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Entrepreneur interview: 'Problems are challenges, the more problems you have, the happier you should be'

From starting an ice cream company as a child to founding an ultrashort pulse fibre laser business, Nikolajus Gavrilinas has always demonstrated an entrepreneurial spirit. Here, he discusses the development of Integrated Fiber Optics with EPIC director general Carlos Lee




Tell me a little bit about yourself

I’ve been in business since the age of 14 when, after the collapse of the Soviet Union, I opened a small business in my hometown on the Lithuanian coast, selling ice cream to tourists. The business wasn’t as profitable as my current one, but I was successful. After two years following my example, about 30 people were doing the same ice cream business, which is popular today during summer time.

When I was 15, I joined the school physics club and in 1997, I went to Vilnius University to study an MSc in laser and optical engineering. I also took my Masters’ thesis at Vilnius University and studied at Dresden Technical University under the Erasmus programme, where I was analysing cancerous brain tissues with fibre lasers. It wasn’t a particularly successful project, but a good opportunity to do something outside of my comfort zone, because I spoke zero German and only a little English. 

When I came back to Lithuania in 2003, I was approached by Lifodas, which is today known as Fiber Optic Devices (FOD), where I started to work on their range of fibre optic components and test and measurement solutions for the telecom market. In parallel, I started studying for a PhD, but I was unable to finish it because I was too busy working. Nevertheless, I became extremely interested in fibre lasers, components and production methods, and eventually became the leader of the fibre optical group of the company.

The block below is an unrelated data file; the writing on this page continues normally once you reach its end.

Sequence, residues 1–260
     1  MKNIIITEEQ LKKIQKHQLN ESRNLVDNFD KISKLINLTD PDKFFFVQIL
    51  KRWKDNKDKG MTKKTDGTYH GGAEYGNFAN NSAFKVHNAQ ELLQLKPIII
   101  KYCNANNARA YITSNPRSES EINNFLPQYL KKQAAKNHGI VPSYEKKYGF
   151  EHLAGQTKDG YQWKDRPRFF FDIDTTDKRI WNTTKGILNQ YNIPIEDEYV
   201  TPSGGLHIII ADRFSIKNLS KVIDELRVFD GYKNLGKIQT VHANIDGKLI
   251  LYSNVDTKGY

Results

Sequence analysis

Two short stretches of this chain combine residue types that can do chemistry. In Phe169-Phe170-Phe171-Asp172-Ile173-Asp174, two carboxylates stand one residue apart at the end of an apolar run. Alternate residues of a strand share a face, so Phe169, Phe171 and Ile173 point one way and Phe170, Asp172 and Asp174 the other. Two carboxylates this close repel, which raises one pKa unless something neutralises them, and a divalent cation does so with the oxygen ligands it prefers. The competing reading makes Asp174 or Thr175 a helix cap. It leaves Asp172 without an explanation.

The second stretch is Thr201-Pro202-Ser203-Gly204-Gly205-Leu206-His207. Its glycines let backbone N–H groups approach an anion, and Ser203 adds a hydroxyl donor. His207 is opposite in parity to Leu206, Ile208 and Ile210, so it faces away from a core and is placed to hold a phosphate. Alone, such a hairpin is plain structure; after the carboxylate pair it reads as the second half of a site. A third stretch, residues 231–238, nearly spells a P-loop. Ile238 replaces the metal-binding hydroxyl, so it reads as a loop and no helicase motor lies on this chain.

Two years before leaving FOD, a colleague and I began thinking about setting up our own company. I knew about the components and production, and he understood more about the technology. By 2015 we were ready to launch the company, Integrated Fiber Optics. Our aim was to bring a new quality standard to the ultrafast laser market based on a new type of laser pulse generator that had zero consumable parts and was exceptionally robust against environmental disturbances.

What have been the main challenges in creating the firm?

We had no idea about investment and no business experience but we decided to do everything ourselves, which was the first mistake. We had no entrepreneurs, we didn’t know EPIC, and we didn’t have any government support. 

We were told we would need €20m to start a company that could compete in the real market, not just niche markets. In those days, that sort of money was impossible. In the end, we set up the company with just €20,000

After two years, we started producing components for laser companies. My colleague, with his employer (the Laboratory of Molecular Compounds Physics, Center for Physical Sciences and Technology in Lithuania) invented and registered an international patent. Our company received its exclusive licence.